I am a typical old-academic fortunately trapped in doing things they like. In my graduate-student days I learned some structural equation modeling – only to find most people did not understand it. So I wrote the first textbook-length introduction to SEM with latent variables, and the trap sprung. My next book dealt with SEM misunderstandings, disagreements, and some fun ideas. The bulk of my subsequent work appeared as articles striving to improve general structural equation modeling. I participate in SEMNET – a free listserve dedicated to structural equation modeling – and have disagreed with many people about many things. Those discussions can get quite heated, and my publications have tended to address the substance of the disagreements by illustrating or clarifying contentious points.
Over the years I encountered more than my fair share of cleanly fitting and informative structural models, and I count myself fortunate for having assisted several researchers who can justifiably make the same claim. Along the way I encountered students and colleagues stumbling unnecessarily over things for which I could not find any literature-remedy, or ameliorative examples. Fortuitously I recently found myself struggling with some failing structural equation models – and feeling good about the struggle; and also feeling optimistic about employing these models to instruct others. Hence, I am currently working on a book addressing basic structural equation modeling diagnostics. This is not about statistics, or disagreements – it focuses on thinking about structural equation models.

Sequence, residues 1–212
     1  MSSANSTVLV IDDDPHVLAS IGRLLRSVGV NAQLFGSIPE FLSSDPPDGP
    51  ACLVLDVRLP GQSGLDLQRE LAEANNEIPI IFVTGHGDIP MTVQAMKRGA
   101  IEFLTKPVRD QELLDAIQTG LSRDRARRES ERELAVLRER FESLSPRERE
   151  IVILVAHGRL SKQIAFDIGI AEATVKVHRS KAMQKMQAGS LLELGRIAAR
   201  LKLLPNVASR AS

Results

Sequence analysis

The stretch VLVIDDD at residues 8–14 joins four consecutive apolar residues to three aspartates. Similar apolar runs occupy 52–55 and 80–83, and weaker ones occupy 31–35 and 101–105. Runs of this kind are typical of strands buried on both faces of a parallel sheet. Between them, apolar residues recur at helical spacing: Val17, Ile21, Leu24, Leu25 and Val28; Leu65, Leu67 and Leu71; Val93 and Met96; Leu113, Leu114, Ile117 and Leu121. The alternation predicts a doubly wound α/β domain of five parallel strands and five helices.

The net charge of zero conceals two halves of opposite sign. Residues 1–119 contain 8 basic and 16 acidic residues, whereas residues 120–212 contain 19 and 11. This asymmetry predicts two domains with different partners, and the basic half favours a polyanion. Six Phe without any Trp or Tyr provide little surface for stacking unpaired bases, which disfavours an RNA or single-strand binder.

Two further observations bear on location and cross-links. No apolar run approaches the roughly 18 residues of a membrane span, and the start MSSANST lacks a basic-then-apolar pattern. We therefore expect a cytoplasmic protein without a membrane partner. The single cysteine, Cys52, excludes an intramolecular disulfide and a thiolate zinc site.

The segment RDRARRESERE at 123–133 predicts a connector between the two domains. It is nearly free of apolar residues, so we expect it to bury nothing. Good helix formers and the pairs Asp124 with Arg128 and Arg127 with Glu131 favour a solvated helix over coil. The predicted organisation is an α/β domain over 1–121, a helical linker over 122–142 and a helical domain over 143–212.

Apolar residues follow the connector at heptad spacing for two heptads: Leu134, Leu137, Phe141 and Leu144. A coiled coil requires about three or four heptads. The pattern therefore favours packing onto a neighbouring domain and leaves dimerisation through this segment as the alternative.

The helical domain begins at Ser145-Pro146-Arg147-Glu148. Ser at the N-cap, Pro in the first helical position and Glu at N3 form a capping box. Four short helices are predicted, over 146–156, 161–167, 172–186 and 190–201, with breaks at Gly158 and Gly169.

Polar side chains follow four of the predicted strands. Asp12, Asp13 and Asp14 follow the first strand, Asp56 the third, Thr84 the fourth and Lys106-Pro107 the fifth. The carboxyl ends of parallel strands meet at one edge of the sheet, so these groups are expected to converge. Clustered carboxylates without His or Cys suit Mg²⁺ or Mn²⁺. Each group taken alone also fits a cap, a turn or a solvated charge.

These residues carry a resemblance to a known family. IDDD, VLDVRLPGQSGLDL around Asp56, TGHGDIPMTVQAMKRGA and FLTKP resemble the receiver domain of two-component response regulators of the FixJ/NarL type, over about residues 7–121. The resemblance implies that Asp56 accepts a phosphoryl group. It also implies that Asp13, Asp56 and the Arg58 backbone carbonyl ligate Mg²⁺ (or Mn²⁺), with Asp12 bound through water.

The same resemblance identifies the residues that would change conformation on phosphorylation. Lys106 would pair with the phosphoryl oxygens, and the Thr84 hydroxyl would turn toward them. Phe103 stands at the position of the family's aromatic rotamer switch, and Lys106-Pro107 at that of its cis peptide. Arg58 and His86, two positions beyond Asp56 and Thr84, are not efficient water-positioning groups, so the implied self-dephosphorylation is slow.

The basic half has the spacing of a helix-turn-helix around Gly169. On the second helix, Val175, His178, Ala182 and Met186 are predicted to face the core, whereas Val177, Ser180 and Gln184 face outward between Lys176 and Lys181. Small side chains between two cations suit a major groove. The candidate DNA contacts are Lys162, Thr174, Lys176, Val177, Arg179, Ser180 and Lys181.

My substantive interests reside in social psychology, and social psychology’s connections to physiology, neurons, genetics, and neuroscience. The academic edges here require sharpening if they are to become cutting-edges, so I have become the social psychological equivalent of a barber’s strop. Here, as in structural equation modeling, I function as a variance-maximizer. Any given audience is bifurcated into those greatly appreciating or disliking my approach and comments. It produces an enlivening academic ride.
Structural Equation Modeling
Statistical reasoning and techniques used by sociologists to summarize data and test hypotheses. Topics include describing distributions, cross-tabulations, scaling, probability, correlation/regression and non-parametric tests. Prerequisite: SOC 100 or consent of instructor. Note: This course is intended primarily for students concentrating in SociologyFall Term 2020 Winter Term 2021
An introduction to the study of individual and group behaviour observed in social processes. Prerequisites: SOC 100, or PSYCO 104 or 105, or consent of instructor. Note: SOC 241 and PSYCO 241 may not both be taken for credit.Fall Term 2020 Winter Term 2021
Hayduk, L. A. (2018). Review essay on Rex B. Kline's Principles and Practice of Structural Equation Modeling: Encouraging a fifth edition. Canadian Studies in Population, 45(3-4):154-178.
Hayduk, L. A. (2016). Improving measurement-invariance assessments: Correcting entrenched testing deficiencies. ( BMC: Medical Research Methodology, 16:130) DOI 10.1186/s12874-016-0230-3